31. An infant simulator, comprising:
(a) A doll having at least a torso and a head pivotably connected to the torso by a neck linkage, wherein the neck linkage includes:
(i) a first element fixedly attached to the head
(ii) a second element fixedly attached to the torso and pivotably engaging the first element so as to permit pivoting of the head relative to the torso as between an acceptable aligned position and an unacceptable bent position,
(b) wherein the point of pivoting engagement between the first and second elements is positioned within a gap between the head and torso when the head is positioned in the unacceptable bent position.
32. The infant simulator of claim 31 wherein the doll has a shape and weight of an infant.
33. The infant simulator of claim 31 wherein (i) the torso has a front and a back, (ii) the head occupies the acceptable aligned position atop the torso when the doll is held in an upright position, and (iii) the head is reciprocally pivotable only toward the back of the torso from the acceptable aligned position.
34. The infant simulator of claim 31 wherein (i) the head occupies the acceptable aligned position atop the torso when the doll is held in an upright position, and (ii) the head occupies the unacceptable bent position when the head is positioned at an angle of greater than about 30° from the upright position.
Description

This is a continuation of U.S. patent application Ser. No. 09/305,597, filed May 5, 1999, now issued as U.S. Pat. No. 6,089,873, which is a divisional of U.S. patent application Ser. No. 08/918,953, filed Aug. 26, 1997, now issued as U.S. Pat. No. 5,941,757.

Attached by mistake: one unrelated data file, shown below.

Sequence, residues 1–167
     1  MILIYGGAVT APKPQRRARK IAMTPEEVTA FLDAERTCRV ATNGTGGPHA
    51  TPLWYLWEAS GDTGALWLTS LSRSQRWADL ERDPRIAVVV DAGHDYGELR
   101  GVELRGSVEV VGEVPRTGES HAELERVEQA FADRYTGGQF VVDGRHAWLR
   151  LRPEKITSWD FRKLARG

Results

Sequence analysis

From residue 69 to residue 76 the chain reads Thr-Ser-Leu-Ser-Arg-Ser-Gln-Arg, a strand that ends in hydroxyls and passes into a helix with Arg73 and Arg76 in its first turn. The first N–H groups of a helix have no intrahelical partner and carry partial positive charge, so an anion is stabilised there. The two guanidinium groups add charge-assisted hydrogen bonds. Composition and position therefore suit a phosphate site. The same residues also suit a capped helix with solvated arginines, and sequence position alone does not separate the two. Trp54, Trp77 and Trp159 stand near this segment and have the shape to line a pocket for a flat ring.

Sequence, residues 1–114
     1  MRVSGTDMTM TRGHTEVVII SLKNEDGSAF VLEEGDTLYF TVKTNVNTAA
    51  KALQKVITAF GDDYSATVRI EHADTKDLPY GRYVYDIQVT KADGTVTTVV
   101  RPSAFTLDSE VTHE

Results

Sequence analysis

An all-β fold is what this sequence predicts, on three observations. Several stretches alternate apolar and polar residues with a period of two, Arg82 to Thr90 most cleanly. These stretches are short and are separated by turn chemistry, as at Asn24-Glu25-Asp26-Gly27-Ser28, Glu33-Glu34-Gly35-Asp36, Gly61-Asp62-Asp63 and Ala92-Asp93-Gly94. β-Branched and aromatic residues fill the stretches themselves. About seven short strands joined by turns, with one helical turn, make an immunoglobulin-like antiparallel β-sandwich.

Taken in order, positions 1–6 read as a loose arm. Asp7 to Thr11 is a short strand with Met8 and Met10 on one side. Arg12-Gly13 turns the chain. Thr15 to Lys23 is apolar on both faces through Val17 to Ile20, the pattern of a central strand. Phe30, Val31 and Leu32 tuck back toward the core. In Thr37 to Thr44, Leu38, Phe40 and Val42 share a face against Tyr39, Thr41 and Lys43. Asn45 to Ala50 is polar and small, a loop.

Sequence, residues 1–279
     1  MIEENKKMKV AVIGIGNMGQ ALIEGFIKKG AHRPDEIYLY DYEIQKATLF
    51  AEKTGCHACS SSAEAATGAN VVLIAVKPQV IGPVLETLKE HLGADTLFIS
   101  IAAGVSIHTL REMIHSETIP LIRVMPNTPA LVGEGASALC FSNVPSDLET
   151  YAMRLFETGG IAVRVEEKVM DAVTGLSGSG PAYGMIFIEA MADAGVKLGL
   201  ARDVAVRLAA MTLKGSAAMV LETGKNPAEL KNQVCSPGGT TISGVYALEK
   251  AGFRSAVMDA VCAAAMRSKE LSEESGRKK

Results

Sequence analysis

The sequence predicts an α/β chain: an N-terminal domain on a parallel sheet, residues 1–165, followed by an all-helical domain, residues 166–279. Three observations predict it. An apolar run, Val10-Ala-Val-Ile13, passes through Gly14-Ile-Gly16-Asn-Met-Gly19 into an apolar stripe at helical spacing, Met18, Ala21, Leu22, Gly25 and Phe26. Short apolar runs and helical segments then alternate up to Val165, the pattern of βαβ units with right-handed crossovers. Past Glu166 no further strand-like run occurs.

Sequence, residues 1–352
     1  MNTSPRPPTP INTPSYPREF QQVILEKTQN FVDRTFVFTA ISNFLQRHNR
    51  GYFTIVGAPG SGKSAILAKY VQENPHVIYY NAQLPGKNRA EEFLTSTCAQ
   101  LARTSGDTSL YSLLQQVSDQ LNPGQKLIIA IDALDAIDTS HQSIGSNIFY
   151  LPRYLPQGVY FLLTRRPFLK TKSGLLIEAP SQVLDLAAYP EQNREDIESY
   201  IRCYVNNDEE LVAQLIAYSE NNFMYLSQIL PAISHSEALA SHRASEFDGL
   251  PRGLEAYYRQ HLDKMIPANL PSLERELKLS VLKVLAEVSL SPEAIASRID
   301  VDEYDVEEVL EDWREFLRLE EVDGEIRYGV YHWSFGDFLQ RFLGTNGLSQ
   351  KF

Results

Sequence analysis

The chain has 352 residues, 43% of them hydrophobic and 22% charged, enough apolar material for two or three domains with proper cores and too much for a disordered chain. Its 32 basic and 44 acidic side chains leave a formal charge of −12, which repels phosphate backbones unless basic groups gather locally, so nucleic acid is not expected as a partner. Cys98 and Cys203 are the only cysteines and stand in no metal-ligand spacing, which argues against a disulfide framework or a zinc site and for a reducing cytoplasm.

FIELD OF THE INVENTION

This invention broadly relates to the field of simulated child care. More specifically, the invention relates to infant simulators used in educational programs for educating prospective parents about the realities of parenthood, assisting in the education and training of personnel entering the child-care profession, and assisting in the continuing education of persons working in the child-care profession.

BACKGROUND

Teen-age pregnancy is an ever increasing problem. Teen-age parents, surveyed as to why they elected to have a baby, gave such reasons as “babies are so cute,” “I wanted attention,” “I needed someone to love and love me back.” Such romantic feelings toward having a baby almost never include an understanding of the responsibilities imposed by a baby, including loss of sleep, loss of freedom, the need for constant attention, etc. Attempts to educate teen-agers about the trials and tribulations of caring for an infant and raising a child using the traditional educational methods of lecture and readings are rarely successful.

Some resourceful educators, realizing that traditional educational methods are not working, have attempted to demonstrate the care requirements of an infant by requiring students to carry a sack of flour, an egg or a plant throughout an assignment for a period of one to several days. While somewhat exemplary of the care requirements of an infant, such programs do not fairly represent the care requirements of an actual infant and have proven to be of limited success.